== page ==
The driveway was twin cement strips, with a thin line of grass between them. The little girl wondered how difficult it would be to keep the tires of the car centered on the cement strips all the way up to the low garage at the end. Just a slip of the tire might tear at the grass in the center. She spent many hours on that driveway. She created perfect characters. The perfect friends, the perfect crush, the perfect heroine. They were all absolutely brave, kind, brash, funny, and completely unreal. There was absolutely nothing real about them. For one thing, none of them ever said or did anything that made her feel badly. She could put them away and bring them out at will. And then there was always something else to do when she grew tired of pretending. A bike to ride. A sister to argue with. A television show to sneak and watch. This was the first and most important lesson that she missed in her quest to become a writer. Truly great creativity requires sacrifice. Creativity itself is enjoyable and entertaining. Creative production requires something different. A combination of joy and diligent sacrifice that burn like sweet incense. The worst part was, in the middle of her aimless dreaming, the little girl knew that something was missing. She lay in bed at night, stories frothing round her dusky brain, and longed to have something that would force her to actually do the work. In fact, the stories she created began to take on very specific characteristics. They were all stories about little girls stolen away from their homes, families, and friends, and, for some noble reason, forced to develop their work ethic. Yes friends, this little girl was grasping at a concept she couldn’t fully understand yet. The key to writing is … work ethic.
Once upon a time, a little girl snuggled deep into worn, fraying couch cushions, curled her legs to her chest, and devoured every last bitter winter chill, family gathering, and hard time that Laura Ingalls Wilder had to offer up. She wanted to be in the Big Woods of Wisconsin: watching adults dance and gossip, tapping trees for maple syrup, surrounded by DIY cheeses, meats, and delicious candies. She longed for blizzards that were easy to get lost in, muslin dresses, and wide open prairie.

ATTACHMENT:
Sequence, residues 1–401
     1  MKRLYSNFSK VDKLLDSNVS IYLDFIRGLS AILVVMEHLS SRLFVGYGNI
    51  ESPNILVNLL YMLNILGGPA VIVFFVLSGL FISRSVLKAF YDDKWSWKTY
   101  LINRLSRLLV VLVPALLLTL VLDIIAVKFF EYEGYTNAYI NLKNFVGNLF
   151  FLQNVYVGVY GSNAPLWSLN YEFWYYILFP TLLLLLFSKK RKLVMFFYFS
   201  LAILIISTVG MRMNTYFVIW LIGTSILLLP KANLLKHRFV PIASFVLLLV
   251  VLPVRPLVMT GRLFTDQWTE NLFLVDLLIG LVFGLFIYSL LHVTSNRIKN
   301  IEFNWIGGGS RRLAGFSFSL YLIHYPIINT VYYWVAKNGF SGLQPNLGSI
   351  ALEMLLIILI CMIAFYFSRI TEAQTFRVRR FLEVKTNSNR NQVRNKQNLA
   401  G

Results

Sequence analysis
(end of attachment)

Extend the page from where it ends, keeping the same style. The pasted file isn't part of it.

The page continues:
In school, the little girl stared out the window and daydreamed. She was on wind-swept hills, running in the sun. She was powerful and all-knowing, the heroine who saved the day. “Christy!” her teacher would call, dragging her back to the world she really existed in. “I need your attention!” The little girl felt ashamed of her wish. Her wish that she could stay forever in the world she created for herself, and not have to be part of the one that forced her to focus on reading boring stories meant for little children.
She was constantly torn between the shame of not being perfect at everything someone her age was meant to be perfect at, and the puffed up delight that came from being told that her reading level far surpassed those her age, and her imagination was amazing. She felt, with absolute certainty, that she could and would be a great writer, like Laura Ingalls Wilder or C.S. Lewis. There was one thing missing. And that thing would be missing for almost thirty years before she found the key to truly great writing.
…. to be continued